contemplativeinquiry

This blog is about contemplative inquiry

Tag: present time

AIMLESSNESS

We often talk about our ‘path’ or ‘journey’, and this can have a value. Yet at heart spirituality is about being somewhere rather than getting somewhere – recognising the home we have never left.

“The concentration on Aimlessness means arriving in the present moment to discover that the present moment is the only moment in which you can find everything you’ve been looking for, and that you already are everything you want to become.

“Aimlessness does not mean doing nothing. It means not putting something in front of you to chase after. When we remove the objects of our craving and desires, we discover that happiness and freedom are available to us right here in the present moment.

“We have a habit of running after things, and this habit has been transmitted to us by our parents and ancestors. We don’t feel fulfilled in the here and now, and so we run after all kinds of things we think will make us happier. We sacrifice our life chasing after objects of craving or striving for success in our work or studies. We chase after our life’s dream and yet lose ourselves along the way. We may even lose our freedom and happiness in our efforts to be mindful, to be healthy, to relieve suffering in the world, or to get enlightened. We disregard the wonders of the present moment, thinking that heaven and the ultimate are for later, not for now.

“To practice meditation means to have the time to look deeply and see these things. If you feel restless in the here and now, or if you feel ill at ease, you need to ask yourself: ‘what am I longing for?   What am I searching for? … What am I waiting for?”

Thich Nhat Hanh The art of living London: Rider, 2017

CONTEMPLATING TIME

“The most widely accepted notions about the universe are central to how we view reality. One striking example links birth and death. In the age of faith, religion existed to reassure believers about a higher plane of reality. On this plane, the everyday experience of birth and death was negated. Souls were immortal aspects of being human. Depending on your religion, the soul either went to Heaven, if one were good, after death or existed perpetually in a cycle of birth, death, and rebirth.

“Ironically, science has stuck to these possible scenarios with the universe, even though what science is supposedly famous for is its defeat of religion, or to be more specific, its defeat of metaphysics and the whole notion of a higher plane. If you look closely, the way the universe was born in the big bang and will one day, presumably die, is pure metaphysics. In fact, the big bang and expansion of the universe was first proposed by Georges Lemaitre, a Catholic priest, who was an astronomer and professor of physics at the Catholic University of Leuven. Many have pointed to the agreement of the big bang view with Biblical accounts in the book of Genesis. Unwittingly, the public that accepts a casual idea about the universe being born and dying is adopting a metaphysical position about human birth and death, not simple, unvarnished, provable facts.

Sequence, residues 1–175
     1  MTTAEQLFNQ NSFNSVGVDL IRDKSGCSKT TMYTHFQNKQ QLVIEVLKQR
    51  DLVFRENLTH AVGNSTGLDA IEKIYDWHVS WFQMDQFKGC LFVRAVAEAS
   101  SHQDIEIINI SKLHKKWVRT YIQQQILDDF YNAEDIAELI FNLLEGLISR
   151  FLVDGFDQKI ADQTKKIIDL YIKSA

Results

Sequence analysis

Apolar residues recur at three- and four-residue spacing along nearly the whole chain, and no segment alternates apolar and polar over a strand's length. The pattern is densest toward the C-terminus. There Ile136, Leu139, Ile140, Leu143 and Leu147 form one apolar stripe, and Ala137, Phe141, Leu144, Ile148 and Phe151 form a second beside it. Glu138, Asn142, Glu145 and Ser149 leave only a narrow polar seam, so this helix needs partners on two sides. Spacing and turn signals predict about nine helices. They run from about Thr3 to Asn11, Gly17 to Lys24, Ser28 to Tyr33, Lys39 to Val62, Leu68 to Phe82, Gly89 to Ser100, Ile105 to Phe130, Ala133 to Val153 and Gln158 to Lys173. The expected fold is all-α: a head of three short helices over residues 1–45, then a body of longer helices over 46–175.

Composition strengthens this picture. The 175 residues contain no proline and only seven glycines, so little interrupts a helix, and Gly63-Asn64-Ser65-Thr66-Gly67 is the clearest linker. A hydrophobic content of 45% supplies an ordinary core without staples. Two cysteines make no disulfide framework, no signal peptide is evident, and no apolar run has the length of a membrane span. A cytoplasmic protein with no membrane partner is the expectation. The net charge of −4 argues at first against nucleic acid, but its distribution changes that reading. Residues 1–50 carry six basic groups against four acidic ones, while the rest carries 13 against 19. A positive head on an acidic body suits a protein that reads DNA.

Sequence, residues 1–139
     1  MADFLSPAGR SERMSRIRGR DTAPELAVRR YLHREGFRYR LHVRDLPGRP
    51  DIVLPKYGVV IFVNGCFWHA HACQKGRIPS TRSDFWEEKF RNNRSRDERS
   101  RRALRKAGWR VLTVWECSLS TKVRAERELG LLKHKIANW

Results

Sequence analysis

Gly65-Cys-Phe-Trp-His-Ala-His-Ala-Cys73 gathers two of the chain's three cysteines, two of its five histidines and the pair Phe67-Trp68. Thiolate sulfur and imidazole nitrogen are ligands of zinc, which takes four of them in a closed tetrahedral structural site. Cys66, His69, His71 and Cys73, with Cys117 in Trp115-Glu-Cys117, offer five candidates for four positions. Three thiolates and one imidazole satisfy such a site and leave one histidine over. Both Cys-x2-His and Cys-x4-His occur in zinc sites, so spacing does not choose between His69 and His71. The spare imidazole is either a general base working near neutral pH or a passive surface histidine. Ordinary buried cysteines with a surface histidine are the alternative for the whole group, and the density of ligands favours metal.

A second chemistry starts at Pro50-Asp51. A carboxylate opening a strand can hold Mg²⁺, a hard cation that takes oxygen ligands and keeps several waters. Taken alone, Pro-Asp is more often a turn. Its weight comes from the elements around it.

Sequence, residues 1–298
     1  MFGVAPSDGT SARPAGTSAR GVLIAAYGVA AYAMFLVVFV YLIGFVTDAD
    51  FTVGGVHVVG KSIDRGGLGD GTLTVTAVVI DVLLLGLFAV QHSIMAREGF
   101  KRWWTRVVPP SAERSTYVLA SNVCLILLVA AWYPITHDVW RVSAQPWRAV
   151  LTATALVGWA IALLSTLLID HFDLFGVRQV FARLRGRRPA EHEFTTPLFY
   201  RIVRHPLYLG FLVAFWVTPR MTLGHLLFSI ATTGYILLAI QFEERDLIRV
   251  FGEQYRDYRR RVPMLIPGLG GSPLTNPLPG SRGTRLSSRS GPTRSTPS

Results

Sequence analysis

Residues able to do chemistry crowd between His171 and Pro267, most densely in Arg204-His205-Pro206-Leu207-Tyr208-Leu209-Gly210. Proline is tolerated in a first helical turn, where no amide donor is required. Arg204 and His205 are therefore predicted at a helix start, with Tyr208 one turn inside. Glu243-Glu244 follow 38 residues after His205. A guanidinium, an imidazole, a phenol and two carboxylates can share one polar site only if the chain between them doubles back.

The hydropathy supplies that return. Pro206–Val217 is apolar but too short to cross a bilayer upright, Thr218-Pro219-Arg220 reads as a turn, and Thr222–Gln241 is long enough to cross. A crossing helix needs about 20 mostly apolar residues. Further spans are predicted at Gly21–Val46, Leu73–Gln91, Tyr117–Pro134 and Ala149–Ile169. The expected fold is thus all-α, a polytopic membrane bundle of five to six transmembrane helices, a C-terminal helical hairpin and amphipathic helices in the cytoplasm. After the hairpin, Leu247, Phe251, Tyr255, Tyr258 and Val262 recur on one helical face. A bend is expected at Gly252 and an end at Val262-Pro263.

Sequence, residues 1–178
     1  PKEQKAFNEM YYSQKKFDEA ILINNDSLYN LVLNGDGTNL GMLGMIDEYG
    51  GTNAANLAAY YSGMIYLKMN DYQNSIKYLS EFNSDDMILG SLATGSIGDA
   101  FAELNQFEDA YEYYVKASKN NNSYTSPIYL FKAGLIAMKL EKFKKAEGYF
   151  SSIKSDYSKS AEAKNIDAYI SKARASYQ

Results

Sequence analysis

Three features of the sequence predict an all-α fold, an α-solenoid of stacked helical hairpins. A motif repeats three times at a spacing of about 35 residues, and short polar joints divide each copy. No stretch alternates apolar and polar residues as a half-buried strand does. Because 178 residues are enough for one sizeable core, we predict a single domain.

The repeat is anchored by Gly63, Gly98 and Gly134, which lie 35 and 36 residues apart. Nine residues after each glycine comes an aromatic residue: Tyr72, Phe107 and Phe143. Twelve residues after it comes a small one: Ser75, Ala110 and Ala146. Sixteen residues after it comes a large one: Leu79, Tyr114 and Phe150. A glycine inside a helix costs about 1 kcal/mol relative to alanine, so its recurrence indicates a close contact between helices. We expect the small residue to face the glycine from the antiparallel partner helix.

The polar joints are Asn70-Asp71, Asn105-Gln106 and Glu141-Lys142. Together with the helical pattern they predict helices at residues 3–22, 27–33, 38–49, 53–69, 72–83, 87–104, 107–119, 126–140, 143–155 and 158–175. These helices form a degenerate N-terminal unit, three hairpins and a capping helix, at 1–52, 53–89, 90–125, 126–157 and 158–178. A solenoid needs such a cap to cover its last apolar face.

…..

“If you drop every model, something surprising happens. They are not needed. For example, you can view your daily life as occurring entirely in the present moment. The present moment is not a clock phenomenon. Clocks measure intervals–seconds, minutes, hours–while the present moment has no interval. It’s always here, endlessly renewing itself, unmeasurable, and fleeting. Because the instant you try to capture it, it’s gone. This implies that the ‘now’ is outside time. It can be defined either as instantaneous or eternal. Both are valid as verbal descriptions but in the end invalid, since the vocabulary of time doesn’t apply to the timeless.

…..

Without settling the vexing questions of “What came before the big bang?” “Where did time originate?” and “What is the timeless like?” we only want to point out that time has no meaning outside a specific frame of reference. There is no “real” time, only models of time constructed in human awareness. Once we realize this simple fact, the capacity to move beyond all models, to truly lose our fear of death, comes alive. The spiritual concept that we were never born and will never die then becomes viable, too.”

Deepak Chopra & Menas Kafatos, discussing their new book in a recent Science and Non-Duality newsletter

 

  • Deepak Chopra and Menas Kafatos You are the universe: discovering your cosmic self and why it matters Globnet, 2017

 

THOUGHT FOR THE DAY: JOHN HERON

The notion of being present, here-and-now, is very influential in current contemplative discourse.   I think it needs some clarification and extension. John Heron is a humanistic psychologist, facilitation theorist and teacher, and  co-founder both of Co-Counselling International (CCI) as a peer support system and Co-operative Inquiry as a democratic research methodology in the human sciences. Here he explains ‘abundant time’.

“Living in abundant time is more than living in present time.  It is possible to be very here and now in terms of immediate sensory awareness yet to be dissociated from past and future.  Living in abundant time means being aware of what is present, with an openness to and a sense of the re-evaluated past, and with an openness to and a sense of the emergent possibilities that are pouring into the present … The present lived out of the future through a restructuring insight into the past – some such aphorism as this comes close to the concept of living in abundant time.”

John Heron Catharsis in human development, London: British Postgraduate Medical Federation, 1977

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